I must admit, my first reactions to all this were sort of negative. I was a bit irked that he had liquidated a physical and ongoing asset (a toy) into food rather than another tangible entertainment. Then I was a bit more irked when he just consumed it all in such a short period of time rather than parceling out the pleasure at least over a few days. And finally, I thought it was weird the way he seemed to be almost purchasing affection from the other boys with his favors, as perhaps the insecure second-born is prone to do. The prudent and self-sufficient adult in me was suffering a kind of embodied repudiation of my economic identity.

But in an instant, I reframed my entire outlook. Ethan was throwing a party, and he was just enjoying the chance to be a rich man inviting his best friends to his banquet of unhealthy delicacies. And it reminded me instantly of a Bible verse which I misunderstood for years. Jesus tells his disciples to “make friends with unrighteous money,” which does not mean to become money’s friend, but to use money to make friends, a decided upgrade in value. And when you are a child living in a world where you trust your daddy to always takes care of the important stuff so implicitly that you don’t even have to think about planning for tomorrow, this is precisely the way you misspend a surplus…in love on people.

On loneliness.

Being separated from my family for six weeks while they were in St. Louis was extremely unpleasant for me. There were obviously some lifestyle benefits, such as time flexibility, significantly reduced responsibility, and a total lack of the aggravations which other humans (especially the partially grown ones) bring with them. But just as obviously, these advantages don’t even remotely outweigh the pain of being separated from the ones I love. One way I learned to deal with the separation was simply to not think about them too much, avoiding looking at pictures for the simple reason that it just hurt too much.

But as I endured this unpleasant experience, it also taught me something I wouldn’t otherwise have understood. Obviously, it made me consider those others who suffer much more prolonged separations under much harsher circumstances, such as members of the military and their families. But the not-so-obvious part for me was what it taught me about single people. Young singles tend to have lots of friends and live with roommates or their parents, so they tend to not be alone very much. But for so many older singles, loneliness is a way of life.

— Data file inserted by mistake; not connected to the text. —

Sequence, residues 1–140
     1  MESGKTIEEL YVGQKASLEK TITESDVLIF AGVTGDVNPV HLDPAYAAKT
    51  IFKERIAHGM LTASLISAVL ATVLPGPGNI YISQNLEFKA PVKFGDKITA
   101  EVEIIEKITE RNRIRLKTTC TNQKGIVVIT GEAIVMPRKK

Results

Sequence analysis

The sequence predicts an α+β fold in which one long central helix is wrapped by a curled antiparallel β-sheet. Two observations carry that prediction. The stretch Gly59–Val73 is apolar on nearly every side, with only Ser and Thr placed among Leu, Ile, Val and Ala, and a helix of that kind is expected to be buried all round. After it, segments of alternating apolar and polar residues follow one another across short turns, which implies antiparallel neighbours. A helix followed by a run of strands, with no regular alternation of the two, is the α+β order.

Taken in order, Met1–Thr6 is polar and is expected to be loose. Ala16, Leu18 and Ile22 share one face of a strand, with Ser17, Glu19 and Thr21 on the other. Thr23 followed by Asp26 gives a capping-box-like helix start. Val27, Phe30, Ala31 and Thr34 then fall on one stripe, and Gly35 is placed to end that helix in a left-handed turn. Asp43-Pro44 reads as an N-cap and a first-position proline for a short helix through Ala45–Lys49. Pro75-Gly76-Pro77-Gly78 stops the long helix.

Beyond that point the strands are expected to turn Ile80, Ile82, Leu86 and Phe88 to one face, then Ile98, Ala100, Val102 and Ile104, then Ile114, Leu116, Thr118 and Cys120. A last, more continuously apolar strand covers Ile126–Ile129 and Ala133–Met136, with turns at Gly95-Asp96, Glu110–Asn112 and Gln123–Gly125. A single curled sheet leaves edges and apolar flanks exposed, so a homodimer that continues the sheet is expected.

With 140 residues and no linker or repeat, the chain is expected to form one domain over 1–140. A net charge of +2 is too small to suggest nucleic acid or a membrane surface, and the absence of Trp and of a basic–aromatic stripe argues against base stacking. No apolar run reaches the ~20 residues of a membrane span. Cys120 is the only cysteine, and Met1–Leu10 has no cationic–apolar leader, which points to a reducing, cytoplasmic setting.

See, in my case, it was painful because I missed my family, but at least I knew it was only temporary. There was a wife and sons who were going to return soon, and then it would all be over. But for adults who live alone, no one is coming home…or at least no one is coming home anytime soon. The house may be quiet and no one will bother them, but this also means there’s no one to cry with, get hugs from, run an idea past, or just share a joke with on a moment-by-moment basis. And although I know I have already returned to the family life in which its easy to fantasize about being alone, I hope I will also keep a place in my awareness for the gift of companionship which all of our families have to offer the alone who surround us.

What's the goal?

Last night, while the rest of us watched TV together, Ethan (age five) had gone into the playroom and was occupying himself. Now, as any parent knows, the most distressing noise in a house full of children is quiet. So, having heard no sound from the other room for quite awhile, I went to check on him.

But when I opened the door, I was completely stunned by his response. Looking up from the picture he was coloring, Ethan gave me a murderous look, gritted his teeth, and ordered me to, “Get out!” in the strongest tone he could muster. Baffled, I asked him what was wrong several times, but I kept getting the same basic reaction: fury. Now, normally such behavior isn’t tolerated, but there seemed to be something extra weird going on here, which made me pause before jumping into discipline-and-correct mode.

And in that moment of pause, I considered how God deals with me when I’m angry. Despite often making jokes about being struck by God’s wrathful lightning for some smart-aleck remark or minor indiscretion, the reality is that God is extraordinarily gentle with me. In fact, His normal response to my anger is to wait until I calm down and then talk to me softly. So, instead of pushing for a confrontation with my son, I decided to yield to him for the moment, and I left.

When I returned a bit later, the door was locked, a specifically prohibited action. So I knocked and told him to open the door. When he did so, his anger was still obvious, so I told him in the most gentle voice possible that he must never lock the door and that if he needed a few more minutes to finish, he should ask for it instead of demanding. He did so, and I acquiesced.

A few minutes later, his mood had totally changed. I asked him if he had just needed some extra time to finish, and he said yes. I even honored his project by asking him if he wanted me to put it somewhere special overnight so it wouldn’t be damaged by the other boys in the morning, which he appreciated. And in the course of a few brief, gentle interactions, I watched him become not only unmad at me, but tenderly affectionate and smiling in his eagerness to express his love for me.

It’s not hard to imagine an extremely different outcome if I had gone instead for instant obedience and correction at the first sign of trouble. But instead, I went with God’s own example in Fathering me. It’s odd, but I had never before realized that, “A gentle answer turns away wrath, but a harsh word stirs up anger” would apply to my own children in addition to enemies and oppressors. (Proverbs 15:1)